Students of the National University of Science and Technology (NUST) created a product which can help cricketers know just how much their bowling arm flexes during delivery.
The product, which is called CricFlex, consists of small motion sensors (of the sort used in phones for orienting maps) attached to a sleeve that a bowler can wear. The device sends its readings to an app, either on a mobile phone or a computer, immediately after the bowler has delivered.
The students have already patented the technology in the US, whereas they have also published a research paper on the technology, which was accepted at an MIT conference in 2015.
According to the head of the five-member team that created the revolutionary produce, the university project began after the ban of off-spinner Saeed Ajmal in 2014.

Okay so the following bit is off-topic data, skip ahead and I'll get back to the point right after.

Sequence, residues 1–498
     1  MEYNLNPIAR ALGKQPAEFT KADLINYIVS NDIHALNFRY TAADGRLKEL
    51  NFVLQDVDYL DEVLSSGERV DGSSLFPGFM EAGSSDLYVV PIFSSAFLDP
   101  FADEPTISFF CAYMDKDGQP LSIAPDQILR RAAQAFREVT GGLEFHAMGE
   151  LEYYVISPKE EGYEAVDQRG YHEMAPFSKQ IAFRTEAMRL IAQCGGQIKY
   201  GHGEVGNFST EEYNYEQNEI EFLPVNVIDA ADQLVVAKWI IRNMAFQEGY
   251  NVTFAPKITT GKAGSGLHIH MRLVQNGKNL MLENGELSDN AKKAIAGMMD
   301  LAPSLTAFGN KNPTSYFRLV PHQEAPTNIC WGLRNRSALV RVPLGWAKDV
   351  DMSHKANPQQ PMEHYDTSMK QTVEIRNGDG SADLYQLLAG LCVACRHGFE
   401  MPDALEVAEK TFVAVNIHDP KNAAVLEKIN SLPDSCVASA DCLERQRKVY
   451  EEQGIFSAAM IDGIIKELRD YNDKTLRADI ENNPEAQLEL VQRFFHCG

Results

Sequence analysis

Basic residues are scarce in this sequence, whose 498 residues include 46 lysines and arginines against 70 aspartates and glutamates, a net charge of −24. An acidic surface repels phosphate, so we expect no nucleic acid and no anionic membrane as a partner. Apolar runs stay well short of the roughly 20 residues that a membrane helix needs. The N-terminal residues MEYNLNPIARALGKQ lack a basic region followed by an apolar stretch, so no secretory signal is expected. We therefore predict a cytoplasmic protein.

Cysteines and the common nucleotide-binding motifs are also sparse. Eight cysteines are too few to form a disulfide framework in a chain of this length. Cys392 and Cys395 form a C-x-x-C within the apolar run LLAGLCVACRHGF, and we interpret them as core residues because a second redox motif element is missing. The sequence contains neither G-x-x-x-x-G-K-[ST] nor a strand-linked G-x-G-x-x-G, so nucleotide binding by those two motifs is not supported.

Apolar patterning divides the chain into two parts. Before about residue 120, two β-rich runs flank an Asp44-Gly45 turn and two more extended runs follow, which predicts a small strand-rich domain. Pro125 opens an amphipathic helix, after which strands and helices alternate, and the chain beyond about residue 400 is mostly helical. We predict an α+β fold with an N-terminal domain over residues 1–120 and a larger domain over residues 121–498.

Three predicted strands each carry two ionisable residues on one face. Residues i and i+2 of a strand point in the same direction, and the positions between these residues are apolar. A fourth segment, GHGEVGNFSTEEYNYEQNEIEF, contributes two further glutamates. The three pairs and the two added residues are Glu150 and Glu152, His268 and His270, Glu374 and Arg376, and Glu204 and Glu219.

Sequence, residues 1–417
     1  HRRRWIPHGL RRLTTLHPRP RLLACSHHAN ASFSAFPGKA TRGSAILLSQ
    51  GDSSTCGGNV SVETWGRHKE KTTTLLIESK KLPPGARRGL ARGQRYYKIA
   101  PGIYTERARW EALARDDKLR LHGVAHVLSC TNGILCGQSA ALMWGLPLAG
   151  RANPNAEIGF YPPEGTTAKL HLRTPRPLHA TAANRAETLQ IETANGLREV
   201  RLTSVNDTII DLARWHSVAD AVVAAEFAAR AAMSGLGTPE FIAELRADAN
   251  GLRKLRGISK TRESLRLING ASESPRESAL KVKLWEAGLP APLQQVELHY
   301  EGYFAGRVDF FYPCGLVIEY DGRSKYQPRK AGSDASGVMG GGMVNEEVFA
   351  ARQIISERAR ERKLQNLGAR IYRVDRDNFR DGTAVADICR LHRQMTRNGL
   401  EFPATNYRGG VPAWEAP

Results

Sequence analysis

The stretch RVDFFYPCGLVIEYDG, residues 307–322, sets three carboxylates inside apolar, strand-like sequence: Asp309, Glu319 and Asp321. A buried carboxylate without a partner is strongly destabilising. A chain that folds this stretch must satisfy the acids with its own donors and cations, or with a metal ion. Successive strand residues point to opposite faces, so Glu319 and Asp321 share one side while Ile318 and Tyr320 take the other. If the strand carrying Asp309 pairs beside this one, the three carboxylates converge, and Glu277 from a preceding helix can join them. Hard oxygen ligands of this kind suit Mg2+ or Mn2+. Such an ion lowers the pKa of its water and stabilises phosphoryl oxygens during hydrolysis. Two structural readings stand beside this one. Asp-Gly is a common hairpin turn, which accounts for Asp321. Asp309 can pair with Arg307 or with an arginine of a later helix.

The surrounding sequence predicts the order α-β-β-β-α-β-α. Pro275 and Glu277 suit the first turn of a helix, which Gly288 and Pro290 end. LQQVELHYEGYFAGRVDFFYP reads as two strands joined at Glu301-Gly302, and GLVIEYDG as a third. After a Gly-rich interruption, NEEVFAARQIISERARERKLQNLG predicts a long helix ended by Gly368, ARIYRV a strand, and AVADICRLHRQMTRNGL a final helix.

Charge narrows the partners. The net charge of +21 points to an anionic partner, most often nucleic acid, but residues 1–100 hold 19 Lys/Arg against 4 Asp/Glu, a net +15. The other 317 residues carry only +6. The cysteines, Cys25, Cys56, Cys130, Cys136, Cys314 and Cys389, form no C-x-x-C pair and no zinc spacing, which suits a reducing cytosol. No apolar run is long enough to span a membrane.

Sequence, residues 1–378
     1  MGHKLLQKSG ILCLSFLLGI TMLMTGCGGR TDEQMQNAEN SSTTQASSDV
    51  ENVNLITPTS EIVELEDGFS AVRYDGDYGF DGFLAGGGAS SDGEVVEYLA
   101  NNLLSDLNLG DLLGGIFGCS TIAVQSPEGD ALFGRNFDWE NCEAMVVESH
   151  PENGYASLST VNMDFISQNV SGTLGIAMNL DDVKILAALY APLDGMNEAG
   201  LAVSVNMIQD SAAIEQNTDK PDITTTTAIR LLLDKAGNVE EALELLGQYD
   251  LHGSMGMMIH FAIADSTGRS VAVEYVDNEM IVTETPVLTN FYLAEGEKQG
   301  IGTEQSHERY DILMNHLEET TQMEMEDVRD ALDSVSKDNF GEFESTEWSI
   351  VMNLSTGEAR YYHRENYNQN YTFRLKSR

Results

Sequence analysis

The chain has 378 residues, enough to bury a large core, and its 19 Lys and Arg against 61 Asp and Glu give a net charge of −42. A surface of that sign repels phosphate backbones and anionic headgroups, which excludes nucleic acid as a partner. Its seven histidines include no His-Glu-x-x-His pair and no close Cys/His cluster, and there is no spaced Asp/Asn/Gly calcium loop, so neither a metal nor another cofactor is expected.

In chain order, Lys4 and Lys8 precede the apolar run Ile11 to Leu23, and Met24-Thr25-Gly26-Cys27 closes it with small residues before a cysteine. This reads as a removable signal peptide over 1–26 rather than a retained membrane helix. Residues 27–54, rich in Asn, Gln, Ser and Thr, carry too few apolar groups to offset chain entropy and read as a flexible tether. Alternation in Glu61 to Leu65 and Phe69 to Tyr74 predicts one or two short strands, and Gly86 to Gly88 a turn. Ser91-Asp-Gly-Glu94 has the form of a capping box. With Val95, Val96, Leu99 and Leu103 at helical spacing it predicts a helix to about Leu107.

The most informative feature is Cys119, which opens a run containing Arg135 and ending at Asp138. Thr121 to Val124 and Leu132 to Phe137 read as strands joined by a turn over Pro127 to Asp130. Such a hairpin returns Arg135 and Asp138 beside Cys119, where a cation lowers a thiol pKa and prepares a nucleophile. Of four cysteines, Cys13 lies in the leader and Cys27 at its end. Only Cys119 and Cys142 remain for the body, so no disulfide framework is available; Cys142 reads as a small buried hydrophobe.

The work of the CricFlex team has already been acknowledged by a leading biomechanist as well.
The team further went on to say that their main purpose is to make CricFlex accessible at the grassroots level, and eventually implemented in live games.
The estimated cost of CricFlex is $300, and the team are likely to use the Pakistan Cricket Board (PCB) biomechanics lab, which is established at Lahore University of Management Sciences to further test their readings.
The story originally appeared at ESPNCricinfo.
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